During the day the other artists and myself manned the pop-up gallery where we showed are our artworks and I thank Susan Conroy and Wollondilly Council for making this all happen.  It was a great night, lots and lots of people and plenty of food and stalls to while away the hours.

Wednesday, 26 April 2017

IlluminARTe @ Picton

A one-day-and-night event is happening at the tiny town of Picton this coming Saturday, called IlluminARTe. Readers of my blog may recall a post on my images projected onto several of the historic buildings there in 2015. This year I was one of the invited artists to develop work specifically for the old Bank and Post Office Buildings in the main street and my theme this year will be all things seaweed, following on from my NMA residency and recent discoveries.  There will also be a pop-up exhibition (details above) showing two large works on paper of mine.  I will be manning the exhibition from 1-3pm on Saturday, and the other artists will also be minding the exhibition at some point during the festival.  Picturesque Picton has a population of around 4,500, but I have it on good authority that nearly 20,000 people attend the illuminations! Should be a great night out.

Sunday, 23 April 2017

Last chance......

Last week was spent helping deliver 'The Nature Collector' school holiday workshops for children at the National Museum of Australia, as reported in an earlier post. Despite thinking I might be out of my depth trying to inspire four-year-olds in the joys of making rocks and seaweed out of tissue paper, it was actually awesome!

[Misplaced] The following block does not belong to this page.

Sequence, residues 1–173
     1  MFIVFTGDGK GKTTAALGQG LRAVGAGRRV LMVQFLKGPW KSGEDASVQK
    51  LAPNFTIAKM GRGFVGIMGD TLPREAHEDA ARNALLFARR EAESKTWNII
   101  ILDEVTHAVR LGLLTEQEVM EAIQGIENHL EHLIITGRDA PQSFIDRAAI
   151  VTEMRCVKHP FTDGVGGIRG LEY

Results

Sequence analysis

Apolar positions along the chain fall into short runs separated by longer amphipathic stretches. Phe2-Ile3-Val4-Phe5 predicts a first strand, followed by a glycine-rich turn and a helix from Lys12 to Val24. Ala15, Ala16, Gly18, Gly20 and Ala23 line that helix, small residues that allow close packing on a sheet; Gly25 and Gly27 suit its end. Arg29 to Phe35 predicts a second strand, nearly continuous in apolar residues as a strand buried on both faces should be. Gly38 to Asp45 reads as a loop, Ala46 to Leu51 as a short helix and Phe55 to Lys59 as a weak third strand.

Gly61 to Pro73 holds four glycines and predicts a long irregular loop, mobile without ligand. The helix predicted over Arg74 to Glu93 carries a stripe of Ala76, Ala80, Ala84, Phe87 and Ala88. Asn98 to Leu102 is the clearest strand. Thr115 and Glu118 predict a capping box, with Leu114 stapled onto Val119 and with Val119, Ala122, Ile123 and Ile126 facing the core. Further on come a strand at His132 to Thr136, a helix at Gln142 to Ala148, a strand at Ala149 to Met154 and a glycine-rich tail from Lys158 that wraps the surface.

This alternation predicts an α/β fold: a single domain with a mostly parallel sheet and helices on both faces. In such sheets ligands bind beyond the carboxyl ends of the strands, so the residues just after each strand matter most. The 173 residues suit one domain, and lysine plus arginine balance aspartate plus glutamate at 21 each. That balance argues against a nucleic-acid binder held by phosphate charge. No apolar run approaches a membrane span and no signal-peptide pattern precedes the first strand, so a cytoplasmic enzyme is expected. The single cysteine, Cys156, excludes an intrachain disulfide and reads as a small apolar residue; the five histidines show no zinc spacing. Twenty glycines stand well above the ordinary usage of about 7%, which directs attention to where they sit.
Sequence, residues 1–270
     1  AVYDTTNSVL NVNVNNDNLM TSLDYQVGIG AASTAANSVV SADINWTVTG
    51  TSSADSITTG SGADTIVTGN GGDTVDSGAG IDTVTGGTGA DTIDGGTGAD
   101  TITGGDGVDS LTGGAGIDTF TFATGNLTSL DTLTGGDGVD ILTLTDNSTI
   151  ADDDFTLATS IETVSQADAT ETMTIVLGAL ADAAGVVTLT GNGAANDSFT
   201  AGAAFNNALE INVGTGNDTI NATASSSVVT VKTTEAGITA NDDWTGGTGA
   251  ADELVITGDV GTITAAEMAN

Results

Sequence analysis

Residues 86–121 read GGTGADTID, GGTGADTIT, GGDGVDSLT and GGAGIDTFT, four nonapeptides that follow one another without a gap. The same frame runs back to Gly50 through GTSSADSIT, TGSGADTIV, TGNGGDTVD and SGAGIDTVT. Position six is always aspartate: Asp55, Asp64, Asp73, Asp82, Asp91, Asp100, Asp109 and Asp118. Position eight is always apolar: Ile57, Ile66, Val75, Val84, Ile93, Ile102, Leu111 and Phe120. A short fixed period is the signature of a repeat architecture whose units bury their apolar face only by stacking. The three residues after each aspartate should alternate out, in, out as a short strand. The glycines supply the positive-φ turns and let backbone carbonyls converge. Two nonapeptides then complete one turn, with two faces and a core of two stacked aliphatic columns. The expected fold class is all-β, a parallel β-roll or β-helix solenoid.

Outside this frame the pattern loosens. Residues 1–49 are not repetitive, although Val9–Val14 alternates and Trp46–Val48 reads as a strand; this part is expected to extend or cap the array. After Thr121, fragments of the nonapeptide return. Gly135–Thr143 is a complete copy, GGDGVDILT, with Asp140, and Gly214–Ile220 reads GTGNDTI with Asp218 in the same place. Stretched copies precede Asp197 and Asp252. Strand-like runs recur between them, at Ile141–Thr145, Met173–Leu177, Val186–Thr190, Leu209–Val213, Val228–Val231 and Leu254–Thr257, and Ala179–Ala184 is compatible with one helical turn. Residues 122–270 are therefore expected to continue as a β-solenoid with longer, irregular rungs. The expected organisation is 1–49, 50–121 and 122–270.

Firstly, the children and their adult escorts went to view the two seaweed albums held by the NMA that I have been researching - The Port Phillip album and The Port Arthur Album. Although these were housed in a glass case, everyone really responded to the colours and fragility of the preserved specimens. Then everyone headed back down to the main foyer where the workshops began.

Welcome to the Workshop! - Ally, Sasha and Amanda from NMA
This program was so engaging we had parents and children, grannies and friends all exploring different ways of representing nature - from sitting and drawing, looking at details through a light microscope, developing sun prints (cyanotyping) of nature arrangements, and helping to make a collaborative underwater collage of seaweeds.

Part of the collaborative seaweed collage
In the first week of the holidays I was in Ballarat at a fibre retreat, but also investigating another seaweed album, at the University so my good friend, sculptor Mary Kayser, started off making the seaweed collages with the children.

There were two workshops a day and there were 30 children per workshop (plus adults and littlies).
Each panel of the seaweed collage measured approximately 2 metres x 90 cm and each day we stuck the panel up onto clear glass barriers so the light could filter through.  By the second week we had started attaching the panels to the other side of the glass, so it became much more layered and complex.

Part of the final collage - thanks to everyone who contributed!  

It was an exhausting week, but I was surprised at how quickly the time went during the workshops - we just became absorbed in the task, and I hope I have inspired some up and coming marine biologists, phycologists, scientists or artists through my own artworks on display and also the workshop.

MOST IMPORTANTLY......The seaweed albums are only up for 2 more days at the NMA, so its your last chance of seeing them before they are housed safely back in their archival boxes. Who knows when they will be on view to the public again?

Sunday, 9 April 2017